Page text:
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09:00-10:00 Session 1: Invited Talk
Reversible Computing - from a Programming Language Perspective
10:00-10:30Coffee Break
10:30-12:00 Session 2
Reversible Programs Have Reversible Semantics

ABSTRACT. During the past decade reversible programming languages have been formalized using various established semantics frameworks. Common to these semantics is that they are weak at specifying the distinct properties of reversible languages at the metalevel, even including the central question whether the defined language is reversible. In this paper, we build upon a metalanguage foundation for reversible languages based on the category of sets and partial injective functions. We exemplify our approach by a step-by-step development of the full semantics of an r-Turing complete reversible while-language with recursive procedures. This leads to a formalization of the semantics in which the reversibility of the language and its inverse semantics are immediate, as well as the inversion of programs written in the language. We discuss further applications and directions for reversible semantics.

Quotients and Atoms of Reversible Languages

ABSTRACT. We consider several reversible finite automaton models which have been introduced over decades, and study some properties of their languages. In particular, we look at the question whether the quotients and atoms of a specific class of reversible languages also belong to that class or not. We consider bideterministic automata, reversible deterministic finite automata (REV-DFAs), reversible multiple-entry DFAs (REV-MeDFAs), and several variants of reversible nondeterministic finite automata (NFAs). It is known that the class of REV-DFA languages is strictly included in the class of REV-MeDFA languages. We show that the classes of complete REV-DFA languages and complete REV-MeDFA languages are the same. We also show that differently from the general case of a REV-DFA language, the minimal DFA of a complete REV-DFA language is a complete REV-DFA. We also show that atoms of any regular language are accepted by reversible NFAs with a single initial and a single final state.

Reversible and Irreversible Regular Languages
14:15-15:00 Session 3
Reversibility and Determinism in P Systems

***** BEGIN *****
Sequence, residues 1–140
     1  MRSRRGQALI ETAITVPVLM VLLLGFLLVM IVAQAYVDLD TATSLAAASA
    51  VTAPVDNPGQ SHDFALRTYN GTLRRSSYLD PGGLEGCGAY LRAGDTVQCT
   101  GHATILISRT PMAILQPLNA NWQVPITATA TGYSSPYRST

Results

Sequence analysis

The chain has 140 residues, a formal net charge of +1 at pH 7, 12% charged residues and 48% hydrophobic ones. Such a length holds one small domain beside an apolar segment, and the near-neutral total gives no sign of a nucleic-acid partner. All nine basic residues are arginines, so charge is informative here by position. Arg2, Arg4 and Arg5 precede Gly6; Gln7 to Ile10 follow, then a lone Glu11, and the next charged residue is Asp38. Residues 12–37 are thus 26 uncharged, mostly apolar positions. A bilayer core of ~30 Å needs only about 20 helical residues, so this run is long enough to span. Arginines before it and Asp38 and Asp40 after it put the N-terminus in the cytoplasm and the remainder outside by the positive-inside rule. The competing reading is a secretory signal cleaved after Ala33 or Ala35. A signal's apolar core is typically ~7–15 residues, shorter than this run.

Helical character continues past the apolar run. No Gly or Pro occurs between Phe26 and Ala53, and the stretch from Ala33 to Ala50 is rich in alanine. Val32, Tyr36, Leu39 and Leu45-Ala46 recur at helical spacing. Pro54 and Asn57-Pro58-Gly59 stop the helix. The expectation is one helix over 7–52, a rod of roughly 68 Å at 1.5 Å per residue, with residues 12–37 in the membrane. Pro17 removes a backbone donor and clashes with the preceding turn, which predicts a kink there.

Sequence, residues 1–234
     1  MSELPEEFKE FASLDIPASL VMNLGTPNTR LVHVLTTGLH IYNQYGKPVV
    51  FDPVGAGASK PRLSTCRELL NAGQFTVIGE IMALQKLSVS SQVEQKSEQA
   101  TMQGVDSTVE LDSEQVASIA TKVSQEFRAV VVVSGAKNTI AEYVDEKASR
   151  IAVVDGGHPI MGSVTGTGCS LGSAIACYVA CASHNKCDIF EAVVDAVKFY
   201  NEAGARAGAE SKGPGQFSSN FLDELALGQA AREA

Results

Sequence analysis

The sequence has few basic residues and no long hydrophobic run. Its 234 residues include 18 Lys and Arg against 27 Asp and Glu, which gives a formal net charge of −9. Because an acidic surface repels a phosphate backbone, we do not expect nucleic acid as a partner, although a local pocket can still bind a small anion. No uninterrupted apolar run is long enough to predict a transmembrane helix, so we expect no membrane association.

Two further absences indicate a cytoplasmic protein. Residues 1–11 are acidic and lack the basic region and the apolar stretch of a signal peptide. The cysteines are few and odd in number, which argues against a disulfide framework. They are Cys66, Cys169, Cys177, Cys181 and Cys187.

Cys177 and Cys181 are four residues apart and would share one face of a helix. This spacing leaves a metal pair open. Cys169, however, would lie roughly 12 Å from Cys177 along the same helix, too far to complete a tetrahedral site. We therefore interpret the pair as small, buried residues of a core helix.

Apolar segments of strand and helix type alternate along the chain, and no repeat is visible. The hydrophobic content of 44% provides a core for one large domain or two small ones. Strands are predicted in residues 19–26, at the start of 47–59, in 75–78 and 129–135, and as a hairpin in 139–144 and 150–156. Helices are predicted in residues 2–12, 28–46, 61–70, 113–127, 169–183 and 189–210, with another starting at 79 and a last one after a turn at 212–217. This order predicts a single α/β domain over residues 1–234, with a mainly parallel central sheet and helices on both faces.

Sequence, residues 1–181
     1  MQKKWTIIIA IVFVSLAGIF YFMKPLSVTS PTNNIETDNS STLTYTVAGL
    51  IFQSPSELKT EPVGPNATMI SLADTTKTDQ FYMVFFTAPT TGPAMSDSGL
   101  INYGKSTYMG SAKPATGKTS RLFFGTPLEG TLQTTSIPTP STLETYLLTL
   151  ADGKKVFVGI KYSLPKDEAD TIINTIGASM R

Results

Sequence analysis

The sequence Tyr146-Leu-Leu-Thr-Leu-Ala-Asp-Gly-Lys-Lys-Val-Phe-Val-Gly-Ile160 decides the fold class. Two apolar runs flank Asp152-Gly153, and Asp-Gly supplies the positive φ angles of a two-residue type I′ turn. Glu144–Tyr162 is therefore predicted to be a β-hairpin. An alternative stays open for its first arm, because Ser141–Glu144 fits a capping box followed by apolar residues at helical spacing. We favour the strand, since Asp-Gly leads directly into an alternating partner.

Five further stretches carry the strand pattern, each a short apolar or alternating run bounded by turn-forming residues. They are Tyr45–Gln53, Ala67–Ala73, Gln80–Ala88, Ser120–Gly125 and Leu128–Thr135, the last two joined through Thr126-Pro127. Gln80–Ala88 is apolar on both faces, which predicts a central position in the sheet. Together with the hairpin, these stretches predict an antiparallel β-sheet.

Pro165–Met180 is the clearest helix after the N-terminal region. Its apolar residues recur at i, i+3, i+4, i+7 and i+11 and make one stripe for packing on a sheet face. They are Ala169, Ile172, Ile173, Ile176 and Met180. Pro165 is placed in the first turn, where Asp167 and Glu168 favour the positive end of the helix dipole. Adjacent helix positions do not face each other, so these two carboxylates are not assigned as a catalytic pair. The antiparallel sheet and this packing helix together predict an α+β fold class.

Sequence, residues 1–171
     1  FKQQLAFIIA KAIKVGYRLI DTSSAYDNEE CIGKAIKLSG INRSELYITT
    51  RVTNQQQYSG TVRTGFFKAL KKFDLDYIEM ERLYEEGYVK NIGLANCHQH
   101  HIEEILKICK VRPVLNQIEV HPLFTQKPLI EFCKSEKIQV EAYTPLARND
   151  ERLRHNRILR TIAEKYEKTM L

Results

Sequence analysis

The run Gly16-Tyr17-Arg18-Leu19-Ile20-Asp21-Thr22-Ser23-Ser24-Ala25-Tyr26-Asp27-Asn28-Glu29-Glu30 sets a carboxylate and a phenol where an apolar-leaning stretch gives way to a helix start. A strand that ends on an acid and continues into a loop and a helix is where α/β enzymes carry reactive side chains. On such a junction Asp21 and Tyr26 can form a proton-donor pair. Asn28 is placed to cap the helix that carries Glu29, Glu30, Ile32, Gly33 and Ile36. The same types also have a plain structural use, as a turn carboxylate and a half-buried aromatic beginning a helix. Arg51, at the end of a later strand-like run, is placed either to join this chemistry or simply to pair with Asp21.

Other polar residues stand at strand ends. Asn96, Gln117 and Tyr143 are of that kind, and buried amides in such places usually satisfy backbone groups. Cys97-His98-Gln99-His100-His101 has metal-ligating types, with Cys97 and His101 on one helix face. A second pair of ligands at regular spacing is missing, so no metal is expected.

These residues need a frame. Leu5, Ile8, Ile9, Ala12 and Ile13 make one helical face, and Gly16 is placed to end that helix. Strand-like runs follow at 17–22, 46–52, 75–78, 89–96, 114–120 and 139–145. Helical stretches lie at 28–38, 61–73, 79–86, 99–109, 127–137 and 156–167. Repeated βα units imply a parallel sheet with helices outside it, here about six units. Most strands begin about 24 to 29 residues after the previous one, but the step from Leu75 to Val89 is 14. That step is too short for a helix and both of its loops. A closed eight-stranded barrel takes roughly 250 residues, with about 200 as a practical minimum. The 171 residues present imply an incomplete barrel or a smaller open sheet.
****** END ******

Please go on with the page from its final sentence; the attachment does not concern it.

ABSTRACT. The features of determinism and reversibility in P Systems yield different results depending on the derivation mode. For P systems with cooperative rules working in the sequential derivation mode, determinism and reversibility do not allow to obtain universality; syntactic criteria are established for deciding both strong determinism and strong reversibility. In the parallel case, strong determinism and strong reversibility have very restricted computational power.

Deterministic P systems with cooperative rules working in the sequential derivation mode are not universal, whereas P systems working in a maximally parallel derivation mode are universal. When allowing inhibitors or priorities on rules as control mechanisms, the deterministic and reversible P systems become universal with the sequential and maximally parallel derivation modes, whereas only with priorities universality is also known for the strong variants.


15:00-15:30Coffee Break
15:30-16:30 Session 4
Two-Way Quantum and Classical Automata with Advice for Online Minimization Problems

ABSTRACT. We consider online algorithms. Typically the model is investigated with respect to competitive ratio. In this paper, we explore two-way automata as a model for online algorithms. We focus on quantum and classical online algorithms. We show that there are problems that can be solved more efficiently by two-way automata with quantum and classical states than classical two-way automata in the case of sublogarithmic memory (sublinear size) even if classical automata get advice bits.

Minimal Reversible Deterministic Finite Automata

ABSTRACT. We study reversible deterministic finite automata (REV-DFAs), that are partial deterministic finite automata whose transition function induces an injective mapping on the state set for every letter of the input alphabet. We give a structural characterization of regular languages that can be accepted by REV-DFAs. This characterization is based on the absence of a forbidden pattern in the (minimal) deterministic state graph. Again with a forbidden pattern approach, we also show that the minimality of REV-DFAs among all equivalent REV-DFAs can be decided. Both forbidden pattern characterizations give rise to NL-complete decision algorithms. In fact, our techniques allow us to construct the minimal REV-DFA for a given minimal DFA. These considerations lead to asymptotic upper and lower bounds on the conversion from DFAs to REV-DFAs. The presented results were obtained with the co-authors Holger Bock Axelsen, Sebastian Jakobi, and Martin Kutrib.